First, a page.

Correct without condemning. We all need correction at times. Children need correction. The Bible reminds us, “If you refuse to discipline your children it proves you don’t love them” (Proverbs 13:24). But how do we do it without condemning them? Here are several suggestions from God’s owner’s manual, the Bible. Ephesians 6:4 says, “Don’t keep on scolding and nagging your children, making them angry and resentful. Rather bring them up with loving discipline…with suggestions and godly advice.” Parents must work very hard at not correcting in anger. Disciplining in anger is just getting even. Retaliation doesn’t help a child to grow. That kind of discipline is more about us as parents than it is about bringing out the best in our kids. It may change their behavior because they are scared but it ultimately creates resentment.

Related to this is learning to carefully choose the words we use to correct our children with. There are harmful words and helpful words. Harmful words create hurtful memories. Nearly every adult I’ve ever met can remember very specific harmful words that were spoken to them when they were children. Put-downs and tear-down words might motivate a child in the short term, but they will plant seeds of rebellion, resentment and condemnation in your child’s life.

Love your children unconditionally. It seems to me that this has two parts to it – forgiveness and perseverance. You will be hurt as a parent, but God-focused parents find a way to forgive their children. Ephesians 4:32 in the Bible puts it this way, “Be kind and loving to each other, forgiving each other just as God forgave you in Christ.” We forgive our children and others because we’ve been forgiven by our Heavenly Father.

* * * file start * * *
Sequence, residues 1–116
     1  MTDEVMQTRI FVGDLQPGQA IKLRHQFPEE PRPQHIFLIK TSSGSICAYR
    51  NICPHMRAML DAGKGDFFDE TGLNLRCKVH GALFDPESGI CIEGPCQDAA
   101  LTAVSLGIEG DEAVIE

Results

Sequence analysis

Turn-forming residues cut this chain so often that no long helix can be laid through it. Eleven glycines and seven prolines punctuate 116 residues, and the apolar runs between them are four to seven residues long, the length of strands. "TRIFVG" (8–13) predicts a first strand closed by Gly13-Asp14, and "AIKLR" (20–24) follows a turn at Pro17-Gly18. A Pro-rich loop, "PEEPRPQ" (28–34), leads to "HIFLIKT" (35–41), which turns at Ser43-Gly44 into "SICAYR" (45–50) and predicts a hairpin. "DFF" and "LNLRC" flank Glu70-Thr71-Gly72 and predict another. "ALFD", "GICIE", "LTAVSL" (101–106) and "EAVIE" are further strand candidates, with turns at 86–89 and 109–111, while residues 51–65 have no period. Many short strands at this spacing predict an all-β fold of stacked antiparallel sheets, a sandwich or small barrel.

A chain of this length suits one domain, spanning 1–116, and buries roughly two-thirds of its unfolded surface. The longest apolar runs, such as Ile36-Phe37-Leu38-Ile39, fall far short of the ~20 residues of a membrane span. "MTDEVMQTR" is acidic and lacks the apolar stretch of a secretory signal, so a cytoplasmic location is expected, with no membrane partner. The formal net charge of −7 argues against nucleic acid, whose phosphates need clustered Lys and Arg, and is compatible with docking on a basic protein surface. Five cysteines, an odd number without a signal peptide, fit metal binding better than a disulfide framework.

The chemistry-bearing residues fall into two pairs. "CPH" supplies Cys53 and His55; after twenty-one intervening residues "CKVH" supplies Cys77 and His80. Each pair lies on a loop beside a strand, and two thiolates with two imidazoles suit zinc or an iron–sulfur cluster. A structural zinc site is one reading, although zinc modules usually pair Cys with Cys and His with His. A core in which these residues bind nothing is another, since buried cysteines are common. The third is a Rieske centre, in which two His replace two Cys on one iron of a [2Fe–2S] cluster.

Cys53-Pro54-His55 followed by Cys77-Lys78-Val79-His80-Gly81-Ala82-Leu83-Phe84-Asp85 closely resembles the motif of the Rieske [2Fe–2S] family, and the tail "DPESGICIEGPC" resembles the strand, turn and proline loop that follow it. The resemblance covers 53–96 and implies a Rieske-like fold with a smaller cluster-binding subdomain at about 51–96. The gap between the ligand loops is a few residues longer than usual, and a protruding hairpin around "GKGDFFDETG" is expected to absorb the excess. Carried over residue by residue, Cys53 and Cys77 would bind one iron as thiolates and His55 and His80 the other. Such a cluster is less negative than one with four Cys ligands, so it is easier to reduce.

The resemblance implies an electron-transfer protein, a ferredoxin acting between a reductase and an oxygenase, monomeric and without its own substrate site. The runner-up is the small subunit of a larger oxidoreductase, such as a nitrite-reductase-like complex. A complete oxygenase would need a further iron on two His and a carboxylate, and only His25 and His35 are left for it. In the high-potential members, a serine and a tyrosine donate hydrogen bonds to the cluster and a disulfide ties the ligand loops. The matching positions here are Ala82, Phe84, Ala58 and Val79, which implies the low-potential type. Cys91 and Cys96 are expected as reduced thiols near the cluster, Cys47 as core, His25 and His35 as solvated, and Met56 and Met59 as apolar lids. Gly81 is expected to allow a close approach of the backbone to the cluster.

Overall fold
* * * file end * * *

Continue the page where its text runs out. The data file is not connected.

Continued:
Also, never give up on your kids. Love is described this way in the Bible, “Love never gives up, never loses faith, is always hopeful, and endures through every circumstance” (1 Corinthians 13:7). Authentic love never gives up on people – even when the same child you tucked into bed and walked to school gets into drugs or bad relationships. Love just never gives up. Not to say, that we should be living in unhealthy co-dependent relationships with our children. Knowing what kind of love to express – tough love or gentle love – is another subject for another time. But, from infancy to adulthood, our children need to know that our love can’t be earned or lost. I’ve witnessed this truth many times - this kind of love and security can propel them to grab a hold of God’s best for their lives.

Interesting to note that the above five actions aren’t just what good parents do. They actually resemble how God treats us. He demonstrates all five of these actions toward every human. That shouldn’t really surprise us though, should it? He’s the best parenting model we have.

Now, that you’ve heard from me, I would love to hear what you are learning about how to help your child become the best kid ever. Log in below and share your thoughts. I look forward to hearing from you.